Apparently it is not the fault of perfectly good medicine that the unresponsive patients remain ill. (Note that the terms “poor” or “poverty” are unmentioned in the Murray op-ed).

The real reason for parents to choose charter schools, Murray argues, is that they offer a choice of “highly traditional curriculum long on history, science, foreign languages, classic literature, mathematics and English composition, taught with structure and discipline.”

Aside from the total compliance “structure and discipline” that would make the “best” urban charters entirely unacceptable to middle class parents in the leafy suburbs, the kind of curriculum-rich charter school in poor neighborhoods that Murray describes is even harder to find than the 17 percent of charters that simply do a better job at raising student test scores.

In finally writing off test scores as the rationale for another generation of corporate education reforms, could it be that the perpetual reformers have revealed a darker agenda for the imposition of school “choice,” one that rips away finally any remaining pretense to common sense and common decency in a single swipe?

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By Valerie Strauss  | May 13, 2010; 11:43 AM ET
Categories:  Charter schools, Guest Bloggers  | Tags:  charles murray, charter schools, guest bloggers, jim horn, studies on charter schools  
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Next: When adults hit kids at school


About ten or twelve years ago, a colleague explained a conspiracy theory claiming that private business interests were trying to eliminate the nation's system of public schools so that all the tax money could go into corporate pockets via a system of commercial schools. I thought he was totally nuts. Now I know he was prescient.

The business people involved absolutely do not care about anything related to good education and have no interest in finding out. They will say anything and twist information in any way to serve their financial interests. The testing and textbook industry served to get their collective foot in the door to get ahold of tax money that goes to education. The big prize is in owning entire schools.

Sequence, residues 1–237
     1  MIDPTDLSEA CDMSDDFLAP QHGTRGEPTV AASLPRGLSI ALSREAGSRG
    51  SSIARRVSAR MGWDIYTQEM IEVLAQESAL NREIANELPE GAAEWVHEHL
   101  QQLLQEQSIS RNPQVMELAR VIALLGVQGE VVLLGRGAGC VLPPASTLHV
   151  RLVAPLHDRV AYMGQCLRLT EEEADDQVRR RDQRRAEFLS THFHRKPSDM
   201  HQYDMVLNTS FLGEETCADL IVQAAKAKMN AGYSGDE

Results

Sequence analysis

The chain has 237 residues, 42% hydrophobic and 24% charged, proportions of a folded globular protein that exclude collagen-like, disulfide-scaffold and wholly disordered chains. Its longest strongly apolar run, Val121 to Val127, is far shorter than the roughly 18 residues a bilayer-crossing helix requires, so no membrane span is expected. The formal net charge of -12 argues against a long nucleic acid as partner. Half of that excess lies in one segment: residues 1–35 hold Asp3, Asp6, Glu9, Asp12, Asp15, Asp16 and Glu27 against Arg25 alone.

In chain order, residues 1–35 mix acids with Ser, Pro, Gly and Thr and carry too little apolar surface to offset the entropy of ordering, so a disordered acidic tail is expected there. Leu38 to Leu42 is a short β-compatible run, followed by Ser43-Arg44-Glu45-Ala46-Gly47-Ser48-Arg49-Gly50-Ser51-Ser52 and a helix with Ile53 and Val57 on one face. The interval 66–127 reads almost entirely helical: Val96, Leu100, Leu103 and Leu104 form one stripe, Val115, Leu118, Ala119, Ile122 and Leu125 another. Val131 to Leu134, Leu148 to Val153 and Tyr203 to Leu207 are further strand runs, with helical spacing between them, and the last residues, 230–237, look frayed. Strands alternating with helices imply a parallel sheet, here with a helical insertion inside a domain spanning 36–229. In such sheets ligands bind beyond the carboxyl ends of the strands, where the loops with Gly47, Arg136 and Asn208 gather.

Their fake concern for children is an attempt to hide the goal of looting education funding. The veneer is wearing thinner and thinner.

Posted by: aed3 | May 13, 2010 1:06 PM | Report abuse

So Charles Murray likes IQ tests, but not NCLB tests.

Posted by: edlharris | May 13, 2010 1:11 PM | Report abuse

Politicians such as Jeb Bush in Florida are pushing for charter schools, the reason, money for themselves, and cronies. He's already,along with his family, made millions off his educational program software companies and text book companies. This is a great scam to line their own pockets. They are masters at turning taxpayer dollars into personal profit, chanting "for the children"!

Posted by: roosboys | May 13, 2010 2:21 PM | Report abuse

Thanks, Valerie. I've been following Horn for over two years on Schools Matter. He is a very keen observer who is astutely aware of what is going on. I am so very grateful that you are giving him a wider audience.

Posted by: pondoora | May 13, 2010 7:33 PM | Report abuse

The question of how to gauge student performance is the real subject here. No one that I know in the charter school arena objects to tests - they conduct plenty of them. However, the essential difference is that students who enter a charter school several grade levels behind cannot be expected to catch up to grade level after only one year in a charter school. You can't hold that school accountable for this time the student was in another school. Therefore, same student learning gains should be used to evaluate performance. The SAT-10 can be used to measure academic status prior to fall admission and then again at the end of the school year. If the child reaches one year of learning gains, he is now on the right path to catch up. Many students may gain more than a year, but still be below grade level. At the Bellweather launch yesterday, a speaker raised a valid question about how to measure performance of a 16 year old who is reading on a third grade level? NCLB isn't the answer. Learnings gains are.

Posted by: sunshine71 | May 14, 2010 1:50 PM | Report abuse